Tell me about “Stay With The Trouble (For Donna)”, this really sick, avant-EDM track that’s dedicated to Haraway.
“Stay With The Trouble (for Donna)” is kind of a troublemakers anthem, aptly named after her most recent book, Staying With The Trouble: Making Kin in the Cthulucene, which feels like an imperative inquiry into our current global crises and anthropocentric storytelling. I wanted to heed her words, her thinking, and the urgency we have, more than ever, to be troublemakers. Within Haraway’s book, the essay “Making Kin” examines how we make kin beyond nuclear and biological lineage. Queer/non-biological family narratives feel like a precursor or gateway to imagining non-anthropocentric familia.
The importance of queer kinship and non-biological families has been a running theme throughout your work. Why do you think this idea of interdependence—versus independence—has been so powerful to you? How has it shaped Siblings?
I started my most formative years in basements and DIY spaces run by queer and feminist communities, and these environments have always been places of refuge for those who couldn’t survive elsewhere. Often everyone was starting from nothing or had experienced trauma and had to forge a new life elsewhere.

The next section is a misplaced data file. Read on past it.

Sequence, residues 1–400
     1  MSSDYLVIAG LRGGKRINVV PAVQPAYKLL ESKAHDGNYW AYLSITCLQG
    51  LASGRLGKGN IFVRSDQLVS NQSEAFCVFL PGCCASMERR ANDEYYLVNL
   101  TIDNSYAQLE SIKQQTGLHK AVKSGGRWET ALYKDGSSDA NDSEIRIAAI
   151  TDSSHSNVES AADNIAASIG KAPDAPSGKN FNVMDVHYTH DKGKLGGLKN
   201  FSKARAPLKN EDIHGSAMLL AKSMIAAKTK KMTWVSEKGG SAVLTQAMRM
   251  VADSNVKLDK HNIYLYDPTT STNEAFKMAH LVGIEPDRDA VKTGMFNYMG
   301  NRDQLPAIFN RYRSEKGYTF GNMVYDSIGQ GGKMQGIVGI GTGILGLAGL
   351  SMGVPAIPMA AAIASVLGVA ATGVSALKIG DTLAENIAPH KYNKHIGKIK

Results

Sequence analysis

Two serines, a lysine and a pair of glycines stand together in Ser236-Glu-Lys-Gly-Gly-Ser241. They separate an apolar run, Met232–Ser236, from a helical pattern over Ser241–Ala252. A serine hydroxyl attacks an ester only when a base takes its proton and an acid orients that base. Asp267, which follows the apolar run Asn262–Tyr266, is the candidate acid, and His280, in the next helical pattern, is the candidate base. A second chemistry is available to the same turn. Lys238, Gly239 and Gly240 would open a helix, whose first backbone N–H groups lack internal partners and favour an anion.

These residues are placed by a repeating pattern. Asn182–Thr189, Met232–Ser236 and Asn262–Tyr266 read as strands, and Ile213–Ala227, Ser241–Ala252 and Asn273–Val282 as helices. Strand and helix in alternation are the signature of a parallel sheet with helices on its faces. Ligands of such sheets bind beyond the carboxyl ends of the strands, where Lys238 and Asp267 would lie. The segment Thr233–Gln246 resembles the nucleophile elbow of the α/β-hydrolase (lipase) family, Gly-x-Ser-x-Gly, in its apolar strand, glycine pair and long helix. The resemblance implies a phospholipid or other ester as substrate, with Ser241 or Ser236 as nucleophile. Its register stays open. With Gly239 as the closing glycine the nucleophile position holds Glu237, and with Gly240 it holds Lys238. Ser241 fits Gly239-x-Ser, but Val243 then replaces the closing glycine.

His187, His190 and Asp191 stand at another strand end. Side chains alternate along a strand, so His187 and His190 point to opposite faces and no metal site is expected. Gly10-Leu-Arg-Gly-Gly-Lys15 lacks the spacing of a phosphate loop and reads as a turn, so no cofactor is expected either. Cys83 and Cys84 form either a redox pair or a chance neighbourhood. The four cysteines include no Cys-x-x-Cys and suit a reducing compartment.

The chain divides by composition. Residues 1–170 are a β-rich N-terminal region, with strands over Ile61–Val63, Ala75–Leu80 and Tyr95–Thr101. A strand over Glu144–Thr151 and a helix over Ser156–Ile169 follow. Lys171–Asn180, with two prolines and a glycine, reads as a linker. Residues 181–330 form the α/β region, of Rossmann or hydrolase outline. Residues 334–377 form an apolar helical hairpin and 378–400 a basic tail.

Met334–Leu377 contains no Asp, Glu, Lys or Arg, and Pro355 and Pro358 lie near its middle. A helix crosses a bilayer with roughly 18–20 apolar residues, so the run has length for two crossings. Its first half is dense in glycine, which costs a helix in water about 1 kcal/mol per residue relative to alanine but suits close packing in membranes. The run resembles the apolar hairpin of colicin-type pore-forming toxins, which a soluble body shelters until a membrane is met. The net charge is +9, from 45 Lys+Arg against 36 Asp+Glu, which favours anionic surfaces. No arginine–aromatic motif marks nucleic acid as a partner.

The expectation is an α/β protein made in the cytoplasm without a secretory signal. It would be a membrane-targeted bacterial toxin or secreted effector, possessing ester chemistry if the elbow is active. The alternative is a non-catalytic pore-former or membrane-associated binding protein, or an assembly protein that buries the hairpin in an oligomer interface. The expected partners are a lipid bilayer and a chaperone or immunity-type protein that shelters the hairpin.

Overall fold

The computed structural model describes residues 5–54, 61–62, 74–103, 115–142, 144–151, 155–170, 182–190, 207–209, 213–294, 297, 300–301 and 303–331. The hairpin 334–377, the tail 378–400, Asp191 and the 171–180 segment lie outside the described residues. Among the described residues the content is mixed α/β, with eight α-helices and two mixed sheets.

The queer collectives I’ve been part of—from Chances Dances in Chicago, to High Fantasy in San Francisco and Clump in New York—have always come from recognizing that if we didn’t make a world for each other, no one else would. These spaces are non-universal solutions, and are sometimes troubled with hierarchies, mental illness and fighting. But I think that has to be a part of the narrative. Building interdependence means problem-solving together and recognizing that queer families are not all utopic. I wanted Siblings to illustrate the emotional complexity of these spaces. There is a lot of joy and a lot of pain—and a lot in between.
One of the most interesting things about Siblings is all the different ways you play with how the voice can sound. Can you explain how you’re experimenting with the human voice on this album? Do you see it as a potent political tool?
Yeah! For Siblings, I wanted to imagine a presence of extreme vocal plurality without conformity. It felt important to develop a cacophony of real and imagined characters engaging in the use, misuse, rejection, definition and re-definition of the voice.
I lead these XHOIR (pronounced choir) workshops that are often about re-introducing people to the disregarded power of their own voice, and the power of voices together to create change—in opposition to forces that make us feel disempowered, caged in, quieted and removed from our self-agency.